In 1992, the Supreme Court said that officials could not impose “an undue burden” on a woman’s constitutional right to decide to have an abortion. Mr. Flentje said that in the case of the young migrants, “there is never a burden imposed by the government — the burden is created by the minor crossing illegally into the country.”
Moreover, he said, Judge Chutkan’s order was improper because it required the government, in effect, to facilitate access to abortion.
In various cases, Mr. Flentje said, the Supreme Court has held that “the government does not have to commit any resources to facilitate abortion.” But under Judge Chutkan’s order, he said, the government would have to help arrange transportation for a minor and take other steps that would amount to facilitating an abortion, even though the government would not pay for the procedure.
Before being required to allow an abortion, Mr. Flentje said, the government should be given time to try to find a sponsor who could consider the best interests of an immigrant teenager. The government can often find a sponsor in a few weeks, he said, but the time depends on the facts of each case, such as a woman’s age and maturity and the stage of her pregnancy.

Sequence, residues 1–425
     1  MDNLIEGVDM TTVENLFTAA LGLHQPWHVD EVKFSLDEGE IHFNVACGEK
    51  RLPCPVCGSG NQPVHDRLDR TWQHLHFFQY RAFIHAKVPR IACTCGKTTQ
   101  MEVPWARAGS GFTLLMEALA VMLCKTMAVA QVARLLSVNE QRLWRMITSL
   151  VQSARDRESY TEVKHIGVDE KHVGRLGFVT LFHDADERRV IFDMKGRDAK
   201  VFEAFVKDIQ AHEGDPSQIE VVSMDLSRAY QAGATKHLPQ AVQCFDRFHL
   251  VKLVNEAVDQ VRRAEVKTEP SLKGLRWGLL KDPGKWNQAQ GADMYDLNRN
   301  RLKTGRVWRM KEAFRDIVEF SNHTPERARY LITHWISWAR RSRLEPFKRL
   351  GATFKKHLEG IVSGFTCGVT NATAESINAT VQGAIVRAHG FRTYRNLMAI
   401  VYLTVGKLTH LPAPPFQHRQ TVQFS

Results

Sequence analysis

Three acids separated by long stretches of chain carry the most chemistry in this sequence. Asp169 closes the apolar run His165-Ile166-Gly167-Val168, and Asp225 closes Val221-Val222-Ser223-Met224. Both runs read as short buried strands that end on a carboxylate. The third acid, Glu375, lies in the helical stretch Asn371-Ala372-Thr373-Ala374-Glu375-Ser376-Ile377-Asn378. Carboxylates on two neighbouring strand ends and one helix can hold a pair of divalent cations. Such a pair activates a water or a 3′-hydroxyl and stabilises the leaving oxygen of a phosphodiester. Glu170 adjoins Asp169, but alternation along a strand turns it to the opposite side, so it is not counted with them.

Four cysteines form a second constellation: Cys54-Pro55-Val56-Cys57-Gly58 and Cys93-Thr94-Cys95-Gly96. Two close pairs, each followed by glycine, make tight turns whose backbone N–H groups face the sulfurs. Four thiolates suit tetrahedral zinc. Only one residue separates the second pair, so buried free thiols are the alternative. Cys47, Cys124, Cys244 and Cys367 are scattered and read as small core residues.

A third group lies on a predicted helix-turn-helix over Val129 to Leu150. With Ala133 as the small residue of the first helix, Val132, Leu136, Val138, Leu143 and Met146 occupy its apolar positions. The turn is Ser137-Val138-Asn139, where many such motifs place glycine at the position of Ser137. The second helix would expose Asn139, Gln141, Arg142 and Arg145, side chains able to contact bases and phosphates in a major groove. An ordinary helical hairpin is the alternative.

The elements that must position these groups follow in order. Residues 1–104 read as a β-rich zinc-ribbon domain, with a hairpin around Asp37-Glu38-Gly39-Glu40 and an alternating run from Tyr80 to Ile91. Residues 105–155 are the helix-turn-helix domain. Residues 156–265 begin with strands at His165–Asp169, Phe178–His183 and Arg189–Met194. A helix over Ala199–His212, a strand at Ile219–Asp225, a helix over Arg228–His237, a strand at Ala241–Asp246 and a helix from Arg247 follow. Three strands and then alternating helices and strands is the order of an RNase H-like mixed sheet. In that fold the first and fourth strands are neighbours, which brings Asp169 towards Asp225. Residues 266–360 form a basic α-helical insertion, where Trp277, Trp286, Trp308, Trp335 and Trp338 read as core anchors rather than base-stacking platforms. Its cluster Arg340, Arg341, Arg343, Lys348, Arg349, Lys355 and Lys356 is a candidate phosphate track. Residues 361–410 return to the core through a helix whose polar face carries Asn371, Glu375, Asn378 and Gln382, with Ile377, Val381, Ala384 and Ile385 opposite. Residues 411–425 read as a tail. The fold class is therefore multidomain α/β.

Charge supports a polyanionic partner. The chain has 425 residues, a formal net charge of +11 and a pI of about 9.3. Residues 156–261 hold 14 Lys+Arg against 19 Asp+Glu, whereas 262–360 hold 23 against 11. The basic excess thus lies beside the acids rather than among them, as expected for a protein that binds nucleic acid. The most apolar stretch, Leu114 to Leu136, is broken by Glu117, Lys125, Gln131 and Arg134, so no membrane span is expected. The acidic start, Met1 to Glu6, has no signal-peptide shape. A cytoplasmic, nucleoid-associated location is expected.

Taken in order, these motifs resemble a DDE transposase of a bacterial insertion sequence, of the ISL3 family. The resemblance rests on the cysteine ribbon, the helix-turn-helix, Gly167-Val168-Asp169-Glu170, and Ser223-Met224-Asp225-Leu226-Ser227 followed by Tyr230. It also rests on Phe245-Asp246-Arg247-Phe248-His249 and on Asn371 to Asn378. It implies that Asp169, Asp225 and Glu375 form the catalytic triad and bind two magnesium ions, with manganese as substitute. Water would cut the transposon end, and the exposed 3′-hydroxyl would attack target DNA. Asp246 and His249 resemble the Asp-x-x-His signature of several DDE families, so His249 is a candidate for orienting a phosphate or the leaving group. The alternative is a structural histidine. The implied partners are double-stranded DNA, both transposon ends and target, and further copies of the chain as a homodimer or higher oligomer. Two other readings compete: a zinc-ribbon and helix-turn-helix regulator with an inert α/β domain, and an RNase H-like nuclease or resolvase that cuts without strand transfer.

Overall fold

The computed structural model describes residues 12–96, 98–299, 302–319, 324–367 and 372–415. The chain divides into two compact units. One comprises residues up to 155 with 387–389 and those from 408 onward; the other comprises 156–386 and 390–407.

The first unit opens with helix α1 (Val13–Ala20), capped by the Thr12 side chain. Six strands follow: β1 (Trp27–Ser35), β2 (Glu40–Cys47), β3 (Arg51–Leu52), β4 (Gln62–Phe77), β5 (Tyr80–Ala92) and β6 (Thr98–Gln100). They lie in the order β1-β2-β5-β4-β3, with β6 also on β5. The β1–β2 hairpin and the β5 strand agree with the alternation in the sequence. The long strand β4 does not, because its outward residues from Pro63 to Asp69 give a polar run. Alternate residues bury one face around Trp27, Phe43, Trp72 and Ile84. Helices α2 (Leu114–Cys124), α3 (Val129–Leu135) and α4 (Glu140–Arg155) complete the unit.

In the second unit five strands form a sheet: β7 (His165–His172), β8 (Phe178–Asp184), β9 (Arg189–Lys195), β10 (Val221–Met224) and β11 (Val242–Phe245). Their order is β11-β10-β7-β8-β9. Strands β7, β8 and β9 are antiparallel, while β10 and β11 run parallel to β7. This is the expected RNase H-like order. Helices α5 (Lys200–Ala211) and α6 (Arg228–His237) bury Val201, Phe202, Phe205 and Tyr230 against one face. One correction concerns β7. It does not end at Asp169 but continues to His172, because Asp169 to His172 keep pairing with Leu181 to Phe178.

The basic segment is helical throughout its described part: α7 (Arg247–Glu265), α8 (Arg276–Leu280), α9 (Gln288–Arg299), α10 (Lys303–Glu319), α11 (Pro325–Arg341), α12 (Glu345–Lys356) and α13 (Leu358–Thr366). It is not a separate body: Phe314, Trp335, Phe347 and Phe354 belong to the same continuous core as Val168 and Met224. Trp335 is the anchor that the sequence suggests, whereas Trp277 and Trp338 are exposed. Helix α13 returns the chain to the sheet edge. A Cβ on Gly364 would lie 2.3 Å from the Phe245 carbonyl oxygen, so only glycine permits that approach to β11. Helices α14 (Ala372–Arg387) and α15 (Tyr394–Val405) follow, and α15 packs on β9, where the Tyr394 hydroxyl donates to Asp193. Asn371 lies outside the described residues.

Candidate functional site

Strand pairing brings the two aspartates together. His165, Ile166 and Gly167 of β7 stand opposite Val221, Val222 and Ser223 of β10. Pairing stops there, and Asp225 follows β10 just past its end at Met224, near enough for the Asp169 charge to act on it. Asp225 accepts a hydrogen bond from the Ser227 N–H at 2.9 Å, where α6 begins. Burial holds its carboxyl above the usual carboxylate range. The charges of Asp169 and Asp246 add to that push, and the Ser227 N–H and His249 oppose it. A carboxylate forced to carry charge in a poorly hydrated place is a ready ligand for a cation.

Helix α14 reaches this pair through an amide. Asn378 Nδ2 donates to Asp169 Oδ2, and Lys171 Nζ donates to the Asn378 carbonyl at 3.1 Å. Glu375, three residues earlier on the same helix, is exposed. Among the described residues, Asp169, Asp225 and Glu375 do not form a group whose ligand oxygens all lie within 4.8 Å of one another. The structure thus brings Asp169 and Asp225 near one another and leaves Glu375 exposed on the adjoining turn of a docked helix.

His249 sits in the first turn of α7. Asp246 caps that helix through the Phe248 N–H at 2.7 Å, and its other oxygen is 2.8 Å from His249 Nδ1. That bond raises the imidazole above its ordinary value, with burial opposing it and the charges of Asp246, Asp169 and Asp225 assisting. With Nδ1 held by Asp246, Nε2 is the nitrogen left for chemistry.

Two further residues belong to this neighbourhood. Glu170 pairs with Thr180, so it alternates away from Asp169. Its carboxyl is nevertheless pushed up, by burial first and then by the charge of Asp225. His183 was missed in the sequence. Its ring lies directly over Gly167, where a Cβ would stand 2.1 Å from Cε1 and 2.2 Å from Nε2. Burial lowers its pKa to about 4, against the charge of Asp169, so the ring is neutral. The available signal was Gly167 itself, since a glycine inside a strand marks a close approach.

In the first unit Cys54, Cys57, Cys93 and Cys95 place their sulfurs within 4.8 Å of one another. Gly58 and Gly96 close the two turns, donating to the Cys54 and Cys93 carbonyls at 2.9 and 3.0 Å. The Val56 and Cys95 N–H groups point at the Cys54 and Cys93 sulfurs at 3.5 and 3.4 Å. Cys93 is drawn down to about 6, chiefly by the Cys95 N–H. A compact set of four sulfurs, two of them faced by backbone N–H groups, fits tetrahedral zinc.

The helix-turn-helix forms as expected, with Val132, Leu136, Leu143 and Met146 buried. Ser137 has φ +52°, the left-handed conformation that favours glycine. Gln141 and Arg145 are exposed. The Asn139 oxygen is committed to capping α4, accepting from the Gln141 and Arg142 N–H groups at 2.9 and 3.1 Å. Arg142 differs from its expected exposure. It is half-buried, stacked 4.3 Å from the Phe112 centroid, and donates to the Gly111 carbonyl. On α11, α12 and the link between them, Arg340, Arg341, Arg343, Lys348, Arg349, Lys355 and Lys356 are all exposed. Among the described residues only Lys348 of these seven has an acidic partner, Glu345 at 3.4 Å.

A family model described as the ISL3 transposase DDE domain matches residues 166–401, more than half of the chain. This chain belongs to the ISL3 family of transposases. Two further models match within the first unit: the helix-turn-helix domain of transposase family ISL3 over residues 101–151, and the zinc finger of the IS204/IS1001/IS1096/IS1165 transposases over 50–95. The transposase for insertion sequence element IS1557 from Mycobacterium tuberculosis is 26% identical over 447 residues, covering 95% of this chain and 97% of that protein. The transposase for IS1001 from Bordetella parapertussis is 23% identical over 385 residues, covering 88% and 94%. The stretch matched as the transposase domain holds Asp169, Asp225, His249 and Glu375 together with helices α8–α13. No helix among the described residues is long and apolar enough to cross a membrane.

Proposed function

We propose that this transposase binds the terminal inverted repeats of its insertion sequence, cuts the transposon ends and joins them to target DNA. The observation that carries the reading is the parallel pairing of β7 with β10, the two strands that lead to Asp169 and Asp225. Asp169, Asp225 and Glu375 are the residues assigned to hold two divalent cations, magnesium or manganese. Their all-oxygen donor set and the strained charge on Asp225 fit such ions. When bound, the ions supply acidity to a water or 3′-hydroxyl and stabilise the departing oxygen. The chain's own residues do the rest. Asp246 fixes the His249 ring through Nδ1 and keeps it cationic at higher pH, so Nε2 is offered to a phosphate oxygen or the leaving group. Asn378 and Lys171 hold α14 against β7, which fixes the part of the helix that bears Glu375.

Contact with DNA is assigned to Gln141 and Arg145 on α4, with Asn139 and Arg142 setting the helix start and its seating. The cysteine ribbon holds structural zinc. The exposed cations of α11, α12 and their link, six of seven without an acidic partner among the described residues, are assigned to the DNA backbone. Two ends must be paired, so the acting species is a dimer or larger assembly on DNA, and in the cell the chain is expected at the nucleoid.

The Trump administration said the district court order would promote “abortion tourism,” encouraging citizens of other countries to enter the United States illegally and demand abortions here.
But a coalition of 18 states, led by Attorney General Barbara D. Underwood of New York, told the appeals court: “There is no evidence whatsoever that any unaccompanied minor has entered the country to access abortion services. Many girls do not learn that they are pregnant until they are apprehended and submit to a medical examination in the United States.”
The appeals court panel hearing the case consists of Judges Srinivasan and Robert L. Wilkins, both appointed by President Barack Obama, and Judge Laurence H. Silberman, who was appointed by President Ronald Reagan.